We sat down with Scott Millar, one of the proponents of disguise xR in live production, to find out how these Augmented and Mixed Reality workflows will shape the future of the industry.
disguise has been working with a handful of dedicated and talented individuals to advance xR workflows to the wider community. Scott Millar is one of them.
Scott is Technical Director of Longer Days, his new company, and has added his credits to some of the most groundbreaking live events to incorporate AR and MR into their production, from the Pakistan Super League Opening Ceremony - the longest ever AR-centred broadcast, to the HP Omen Challenge tournament - the first esports event to use xR.
“The ability to use xR in live productions gives a whole new world to creatives and video directors,” Scott explains. “With the large LED screens seen in touring concert shows, it's the perfect medium to apply these new tools. In broadcast or corporate events, AR can be used to bring objects and products to life in a way not seen before with minimal additional equipment.”
Bringing AR to large-scale shows
With the recent launch of the disguise r17.1 software, it is now easier than ever to deliver AR to captivate audiences at home. While more traditionally applied within a studio space for live broadcast, AR has already started to redefine possibilities in large-scale live events as well.
“There are loads of people doing AR in broadcast. What we’re doing is trying to bring it into large scale live events. That’s what we’re aiming towards.”
A prime example of this was Marco Borsato’s live show at De Kuip Stadium in the Netherlands in 2019 - the first live event to use the disguise AR workflow and embed it as part of a 4K multicam into the main screen graphics. Scott joined MalfMedia and Visual Solutions to deliver the AR content using 3D IMAG and tracking cameras so everyone in the stadium, no matter where they sat, could see the graphics without having to look at a side screen or on their smartphone.
“The best thing about this workflow is that you have the same system and tools in place as before. You don’t need to buy any more kit to add AR to your production - it’s all built into disguise.”
Shaping the future with xR
One of the founding fathers of the disguise xR technology, alongside Bild, White Light and All Of It Now, Scott is a key figure in its development. “xR grew out of our work with disguise to get into TV broadcast, working together on the studio sets of Bloomberg and ITV Sport.” The idea was to build a solution to deliver compelling stories with live interactive graphics and real-time CG played off large LED backgrounds, to enhance the delivery of news and other live broadcast events.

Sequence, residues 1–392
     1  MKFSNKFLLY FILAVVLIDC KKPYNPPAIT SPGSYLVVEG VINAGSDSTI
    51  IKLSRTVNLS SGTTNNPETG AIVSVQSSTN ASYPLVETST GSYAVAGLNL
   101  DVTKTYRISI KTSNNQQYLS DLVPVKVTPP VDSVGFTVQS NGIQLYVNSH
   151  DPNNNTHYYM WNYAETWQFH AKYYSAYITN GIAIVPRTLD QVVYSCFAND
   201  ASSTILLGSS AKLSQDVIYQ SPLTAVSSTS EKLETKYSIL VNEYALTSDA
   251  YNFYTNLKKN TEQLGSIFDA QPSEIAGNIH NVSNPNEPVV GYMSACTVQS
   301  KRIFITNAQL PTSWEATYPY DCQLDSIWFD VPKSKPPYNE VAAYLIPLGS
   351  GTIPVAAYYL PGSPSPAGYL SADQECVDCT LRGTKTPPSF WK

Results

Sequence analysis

Combining both Augmented and Mixed Reality elements to create an immersive production experience within a real-time workflow, the disguise xR workflow delivers experiences no longer constrained to a physical environment. It allows increased use of complex visual effects to blur the lines between the real world on set, and the virtual world.
“The biggest thing disguise developed in xR is the camera registration workflow which allows you to very accurately line up the real-world LED with the virtual world. You can take a roughly aligned camera tracking system and make it perfectly aligned. That doesn’t exist anywhere else yet.”
While still under development, Scott has also made use of xR in the HP Omen Challenge tournament in 2019, played out to a live audience in a studio in London, and broadcast to millions of viewers worldwide. “The event organisers wanted to put the players and casters into the game world and as much as we could have done that with green screen, the fact that we were able to do it with LED meant that when people were in the game they could see themselves and what was going on in real-time.” Using the xR workflow on an LED stage also allowed the live audience to engage with the production. “That perfect lineup could only be done with disguise,” Scott explains.
An industry-wide collaboration
In-between projects, Scott spends his time working with White Light, a disguise certified solution provider at the forefront of xR production, helping them extend their SmartStage solution to deliver seamless worlds on screen via xR. “White Light’s SmartStage concept is the most advanced from a marketing and set-up perspective. They’ve got a great internal team that is continuously developing this and I always try to give them a hand when I can.”
Other times he can be found at disguise HQ, working alongside our R&D team constantly testing out new releases.
The success of disguise xR is a product of continuous industry-wide collaboration and open communication, Scott claims. “We’re constantly keeping conversations going between companies to make sure we drive this forward. We all realise the benefit of working together to make xR happen.”
While exciting, xR workflows bring about complexities and challenges never-before-faced by a traditional production team. “On a normal show, you connect your disguise system to the LED screens or projectors and that’s all you have to worry about. Now, you’re suddenly connected to everything - you plug in camera systems, you have to have tracking systems on top of cameras, every part of what you’re doing is connected to something else.”
Although operating off the same servers, software and workflows as any traditional show, “there is a new level of interaction that takes place when adding tracked cameras and specific LED layouts required for these new experiences,” Scott explains. “Educating the wider production team to these new challenges and how they can be managed is key. Also ensure that you have plenty of time for rehearsals, above and beyond what is normally set aside.”